When the lock assembly 100 is to be installed on the closure 110, a gasket 270 is positioned to engage the mounting flange 202, and portions of the lock assembly 100 are installed through the closure opening 112 to position the gasket 270 adjacent the opening 112 in clamped engagement between the rear face 206 of the mounting flange 202 and the front surface 114 of the closure 110. The mounting bracket 750 is positioned to overlie the lock assembly 100, with the legs 762, 764 of the mounting bracket 750 extending into engagement with the rear surface 116 of the closure 110. Threaded fasteners 702 are installed to extend through holes 752 that are formed through the back wall 760 of the bracket 750. The fasteners 702 are threaded into the mounting posts 700 of the lock assembly 100 to clamp the mounting flange 202 into engagement with the gasket 270, to clamp the gasket 720 into engagement with the front surface 114, and to clamp the legs 762, 764 into engagement with the rear surface 116.
To facilitate an understanding of the various relative positions of the principal relatively movable components of the lock assembly 100, reference is made to FIGS. 1 and 2 wherein the handle 310 is in its "normal" or "nested" position; the resilient latch member 400 is in its "latched" or expanded position; and the lock mechanism 600 is "locked" so as to prevent unlatching movement of the resilient latch member 400 in response to attempted operation of the handle 310. In FIG. 9, the locking mechanism 600 of the lock 100 is shown "unlocked" so as to permit unlatching movement of the resilient latch member 400 by operation of the handle 310. In FIG. 10, the handle 310 is shown in its "operating" position wherein the handle 310 functions (in conjunction with the operation of other components, as will be described) to move the resilient latch lement 400 to its "unlatched" or contracted position.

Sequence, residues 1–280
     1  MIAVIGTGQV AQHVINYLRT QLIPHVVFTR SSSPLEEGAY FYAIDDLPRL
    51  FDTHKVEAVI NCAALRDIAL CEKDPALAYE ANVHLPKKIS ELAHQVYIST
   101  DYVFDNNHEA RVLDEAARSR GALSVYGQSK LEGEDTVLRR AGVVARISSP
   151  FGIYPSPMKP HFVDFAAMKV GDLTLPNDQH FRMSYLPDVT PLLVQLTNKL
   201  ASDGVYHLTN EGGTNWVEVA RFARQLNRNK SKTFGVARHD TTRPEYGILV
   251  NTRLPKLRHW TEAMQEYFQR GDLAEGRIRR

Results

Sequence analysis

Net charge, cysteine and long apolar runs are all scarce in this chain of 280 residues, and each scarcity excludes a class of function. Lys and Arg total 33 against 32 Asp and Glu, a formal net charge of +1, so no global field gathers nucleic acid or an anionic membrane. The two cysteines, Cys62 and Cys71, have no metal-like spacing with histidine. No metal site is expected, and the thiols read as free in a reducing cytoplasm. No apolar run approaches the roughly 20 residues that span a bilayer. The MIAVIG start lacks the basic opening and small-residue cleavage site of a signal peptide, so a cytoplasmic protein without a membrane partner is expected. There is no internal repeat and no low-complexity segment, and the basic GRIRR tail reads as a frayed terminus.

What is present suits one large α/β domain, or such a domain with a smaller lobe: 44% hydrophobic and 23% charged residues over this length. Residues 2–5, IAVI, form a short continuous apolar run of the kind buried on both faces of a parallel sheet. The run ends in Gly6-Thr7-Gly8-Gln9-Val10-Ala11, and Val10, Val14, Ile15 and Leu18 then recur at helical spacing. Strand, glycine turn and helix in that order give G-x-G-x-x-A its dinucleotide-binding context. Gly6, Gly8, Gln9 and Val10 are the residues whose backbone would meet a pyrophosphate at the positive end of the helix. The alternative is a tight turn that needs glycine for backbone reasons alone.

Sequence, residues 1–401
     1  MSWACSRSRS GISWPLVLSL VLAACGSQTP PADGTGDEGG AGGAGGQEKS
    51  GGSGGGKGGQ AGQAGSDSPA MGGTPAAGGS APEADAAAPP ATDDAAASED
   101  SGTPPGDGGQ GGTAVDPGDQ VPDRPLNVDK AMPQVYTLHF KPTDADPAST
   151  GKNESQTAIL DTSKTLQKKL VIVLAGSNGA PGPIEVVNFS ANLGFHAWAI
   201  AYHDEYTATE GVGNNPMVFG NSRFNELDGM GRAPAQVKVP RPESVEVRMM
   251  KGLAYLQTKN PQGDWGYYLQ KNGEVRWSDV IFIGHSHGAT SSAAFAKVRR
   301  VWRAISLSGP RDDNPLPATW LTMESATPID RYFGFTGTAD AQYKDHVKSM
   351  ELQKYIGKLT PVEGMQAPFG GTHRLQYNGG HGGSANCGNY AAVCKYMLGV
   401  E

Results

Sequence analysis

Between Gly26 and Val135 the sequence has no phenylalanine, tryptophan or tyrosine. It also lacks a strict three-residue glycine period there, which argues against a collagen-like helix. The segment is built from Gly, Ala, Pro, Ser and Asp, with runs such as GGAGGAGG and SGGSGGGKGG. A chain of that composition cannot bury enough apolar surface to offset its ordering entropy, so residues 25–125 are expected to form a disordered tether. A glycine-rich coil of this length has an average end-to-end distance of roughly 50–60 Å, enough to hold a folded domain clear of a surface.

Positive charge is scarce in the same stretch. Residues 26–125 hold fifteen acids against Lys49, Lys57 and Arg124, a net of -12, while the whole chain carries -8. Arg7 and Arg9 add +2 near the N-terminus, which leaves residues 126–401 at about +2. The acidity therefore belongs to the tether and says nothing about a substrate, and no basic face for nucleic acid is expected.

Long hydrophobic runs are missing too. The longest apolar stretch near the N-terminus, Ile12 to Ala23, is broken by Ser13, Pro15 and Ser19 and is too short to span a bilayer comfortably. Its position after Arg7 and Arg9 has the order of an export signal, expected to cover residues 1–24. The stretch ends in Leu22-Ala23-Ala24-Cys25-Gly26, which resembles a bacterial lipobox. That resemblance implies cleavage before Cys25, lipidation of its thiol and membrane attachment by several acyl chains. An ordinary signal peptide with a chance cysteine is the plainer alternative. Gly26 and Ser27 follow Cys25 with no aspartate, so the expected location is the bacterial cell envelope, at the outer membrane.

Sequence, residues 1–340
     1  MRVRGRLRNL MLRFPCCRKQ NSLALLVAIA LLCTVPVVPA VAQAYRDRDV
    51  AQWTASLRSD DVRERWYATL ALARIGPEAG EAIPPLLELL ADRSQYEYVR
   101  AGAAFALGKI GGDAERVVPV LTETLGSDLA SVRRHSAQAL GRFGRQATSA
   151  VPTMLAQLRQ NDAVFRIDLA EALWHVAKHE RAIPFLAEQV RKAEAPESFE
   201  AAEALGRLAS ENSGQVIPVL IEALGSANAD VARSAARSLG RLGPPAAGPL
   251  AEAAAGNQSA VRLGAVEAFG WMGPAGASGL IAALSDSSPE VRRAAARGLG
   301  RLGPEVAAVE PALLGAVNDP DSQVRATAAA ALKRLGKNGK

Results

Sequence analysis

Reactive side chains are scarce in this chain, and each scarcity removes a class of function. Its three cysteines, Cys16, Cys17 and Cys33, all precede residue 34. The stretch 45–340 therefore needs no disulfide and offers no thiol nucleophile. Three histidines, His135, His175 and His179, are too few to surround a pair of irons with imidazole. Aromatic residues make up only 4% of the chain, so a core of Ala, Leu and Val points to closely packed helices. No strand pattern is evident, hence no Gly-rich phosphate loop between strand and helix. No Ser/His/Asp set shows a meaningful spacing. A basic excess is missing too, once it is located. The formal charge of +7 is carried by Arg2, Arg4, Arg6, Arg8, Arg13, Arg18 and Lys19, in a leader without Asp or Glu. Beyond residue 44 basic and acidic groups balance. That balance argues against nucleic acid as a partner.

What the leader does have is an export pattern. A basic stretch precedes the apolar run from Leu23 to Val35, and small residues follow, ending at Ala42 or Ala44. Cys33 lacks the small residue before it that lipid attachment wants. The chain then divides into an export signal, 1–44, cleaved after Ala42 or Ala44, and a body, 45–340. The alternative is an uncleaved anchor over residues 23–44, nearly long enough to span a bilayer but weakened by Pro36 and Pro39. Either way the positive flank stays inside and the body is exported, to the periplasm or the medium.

Turning now to a more detailed description of features of the components of the lock assembly 100, the housing 200 is preferably formed as a molded, one piece structure; thus it will be understood that the mounting flange 202 together with the walls that form an essentially pan-shaped housing portion 220 (i.e., the walls that define the width, length and depth of the recess 210) are integrally-formed parts of the same one-piece structure. The fabrication of the housing as a one-piece member molded from thermoplastic, material such as a glass reinforced polycarbonate based polymer blend helps to provide a strong, rigid, impact resistant structure, whereby the housing 200 is capable of providing a versatile mounting platform for supporting the various relatively movable components of the lock assembly 100.
A preferred material from which the housing 200 is formed is a thermoplastic that is a glass reinforced polycarbonate based polymer blend, typically of the type sold by General Electric Company, Pittsfield, MA 01201 under the registered trademark XENOY. The most preferred resin blend is about 10 percent glass reinforced, and is selected from the "6000 Series" of the XENOY products sold by General Electric, with XENOY 6240 being preferred. While many other commercially available moldable plastics materials can be used to form the housing 200, as will be apparent to those skilled in the art, the preferred material helps to provide a high strength housing that is light in weight, resists crazing and hardening, is heat and chemical resistant, is resistant to impact, and can be machined as needed to provide suitable mounting holes and the like for movably mounting a wide variety of handles within the confines of the recess 210, as will be explained.